Most Bank of England policymakers were firmly against raising interest rates when they met earlier this month, seeing little evidence of inflation pressure, with only two continuing to vote to tighten monetary policy.
Minutes of the BoE’s Monetary Policy Committee’s meeting on October 7-8 showed the Bank believed the amount of spare capacity in Britain’s economy was being reduced less quickly than it had previously expected.
In another sign the BoE was in no hurry to raise rates, most of the MPC’s nine members saw “few signs” of inflation pressures building, even taking into account how the stronger pound was lowering import prices, something that could prove temporary.
“For these members, there remained few signs of inflationary pressure in the UK economy, even after looking through the effects of a stronger sterling exchange rate,” the minutes said.
External members Martin Weale and Ian McCafferty voted to raise interest rates to 0.75 per cent from their record-low 0.5 per cent, as they did in August and September.
They said keeping rates low could unbalance Britain’s economic recovery and long delays in the effectiveness of interest rate rises meant an increase now was needed.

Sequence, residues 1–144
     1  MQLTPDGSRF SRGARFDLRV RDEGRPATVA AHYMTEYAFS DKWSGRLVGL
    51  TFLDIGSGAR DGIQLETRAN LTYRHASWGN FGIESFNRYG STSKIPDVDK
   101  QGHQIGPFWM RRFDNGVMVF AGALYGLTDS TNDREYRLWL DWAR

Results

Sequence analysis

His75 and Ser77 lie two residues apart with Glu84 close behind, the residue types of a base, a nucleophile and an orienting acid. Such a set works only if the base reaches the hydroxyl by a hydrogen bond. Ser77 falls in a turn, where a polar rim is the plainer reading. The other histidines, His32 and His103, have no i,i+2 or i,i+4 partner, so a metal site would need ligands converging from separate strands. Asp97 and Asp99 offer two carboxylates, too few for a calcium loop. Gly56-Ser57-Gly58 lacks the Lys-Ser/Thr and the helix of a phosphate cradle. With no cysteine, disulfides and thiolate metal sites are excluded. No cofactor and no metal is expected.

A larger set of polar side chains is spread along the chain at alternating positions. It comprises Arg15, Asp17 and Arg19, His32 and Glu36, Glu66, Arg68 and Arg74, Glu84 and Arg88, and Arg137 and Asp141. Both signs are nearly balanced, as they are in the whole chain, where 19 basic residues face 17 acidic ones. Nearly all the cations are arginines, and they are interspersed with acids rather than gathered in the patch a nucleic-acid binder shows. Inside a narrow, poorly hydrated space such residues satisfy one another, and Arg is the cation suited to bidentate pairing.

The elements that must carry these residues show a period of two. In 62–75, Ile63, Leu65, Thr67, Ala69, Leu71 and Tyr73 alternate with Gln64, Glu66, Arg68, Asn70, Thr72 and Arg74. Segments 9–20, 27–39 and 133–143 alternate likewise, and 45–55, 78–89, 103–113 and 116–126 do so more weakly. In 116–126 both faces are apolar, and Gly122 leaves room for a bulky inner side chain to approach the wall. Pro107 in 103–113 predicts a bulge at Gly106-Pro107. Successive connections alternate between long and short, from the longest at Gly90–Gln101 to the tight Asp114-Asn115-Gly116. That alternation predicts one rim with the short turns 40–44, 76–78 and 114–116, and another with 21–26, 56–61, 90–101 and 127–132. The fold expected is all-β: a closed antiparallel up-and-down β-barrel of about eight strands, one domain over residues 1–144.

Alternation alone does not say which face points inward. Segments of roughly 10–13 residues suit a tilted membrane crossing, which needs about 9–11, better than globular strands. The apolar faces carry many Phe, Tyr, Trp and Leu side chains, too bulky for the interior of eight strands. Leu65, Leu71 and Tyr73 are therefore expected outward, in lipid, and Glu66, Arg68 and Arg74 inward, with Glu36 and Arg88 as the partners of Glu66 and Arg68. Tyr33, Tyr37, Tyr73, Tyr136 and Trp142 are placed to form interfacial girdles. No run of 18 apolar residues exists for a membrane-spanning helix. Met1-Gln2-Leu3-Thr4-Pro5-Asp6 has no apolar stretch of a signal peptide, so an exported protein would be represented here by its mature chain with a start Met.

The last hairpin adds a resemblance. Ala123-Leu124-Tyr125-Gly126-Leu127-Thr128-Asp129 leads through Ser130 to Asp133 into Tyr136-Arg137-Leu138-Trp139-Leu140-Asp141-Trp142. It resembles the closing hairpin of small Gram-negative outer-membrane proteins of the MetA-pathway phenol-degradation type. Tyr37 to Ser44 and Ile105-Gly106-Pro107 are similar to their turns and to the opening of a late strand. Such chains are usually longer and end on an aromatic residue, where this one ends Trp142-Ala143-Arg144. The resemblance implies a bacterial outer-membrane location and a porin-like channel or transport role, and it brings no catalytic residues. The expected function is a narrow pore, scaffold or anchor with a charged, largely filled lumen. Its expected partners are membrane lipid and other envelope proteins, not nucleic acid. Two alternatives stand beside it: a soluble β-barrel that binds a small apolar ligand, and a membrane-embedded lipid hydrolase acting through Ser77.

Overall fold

But most of the MPC members felt raising rates now could leave Britain vulnerable to possible future shocks to the economy.
They said pay growth was lower than needed for the Bank to meet its 2 per cent inflation target and “further downside news in the euro area had increased the risks” to Britain’s economy.
Last week, the Bank’s chief economist, Andrew Haldane, said he favoured keeping interest rates low for longer, possibly until the middle of next year.
The MPC’s October meeting took place before financial markets were shocked by data that showed Germany’s economy was slowing more than expected, fanning fears about a eurozone recession.
The members of the MPC were aware that inflation would slow sharply to 1.2 per cent in yearly terms in September.
Investors have pushed back their expectations of when the BoE will start to raise interest rates until mid-2015 although most economists are still predicting a first hike in February.
The BoE’s staff stuck to forecast for third-quarter economic growth in Britain of 0.9 per cent.
That is stronger than forecasts by private economists for growth to slow to 0.7 per cent in the July-September period from 0.9 per cent in the second quarter as the weak demand in Europe hurts Britain’s manufacturing sector.